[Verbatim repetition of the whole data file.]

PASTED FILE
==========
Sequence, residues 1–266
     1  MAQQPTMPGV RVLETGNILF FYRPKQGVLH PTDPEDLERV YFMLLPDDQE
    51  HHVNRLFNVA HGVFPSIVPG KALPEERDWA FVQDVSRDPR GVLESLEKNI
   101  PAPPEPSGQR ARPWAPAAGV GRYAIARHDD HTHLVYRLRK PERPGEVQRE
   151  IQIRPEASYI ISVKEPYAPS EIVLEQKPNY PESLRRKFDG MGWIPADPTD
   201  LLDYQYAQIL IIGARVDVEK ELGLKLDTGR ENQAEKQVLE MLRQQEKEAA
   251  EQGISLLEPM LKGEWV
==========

Sequence, residues 1–266
     1  MAQQPTMPGV RVLETGNILF FYRPKQGVLH PTDPEDLERV YFMLLPDDQE
    51  HHVNRLFNVA HGVFPSIVPG KALPEERDWA FVQDVSRDPR GVLESLEKNI
   101  PAPPEPSGQR ARPWAPAAGV GRYAIARHDD HTHLVYRLRK PERPGEVQRE
   151  IQIRPEASYI ISVKEPYAPS EIVLEQKPNY PESLRRKFDG MGWIPADPTD
   201  LLDYQYAQIL IIGARVDVEK ELGLKLDTGR ENQAEKQVLE MLRQQEKEAA
   251  EQGISLLEPM LKGEWV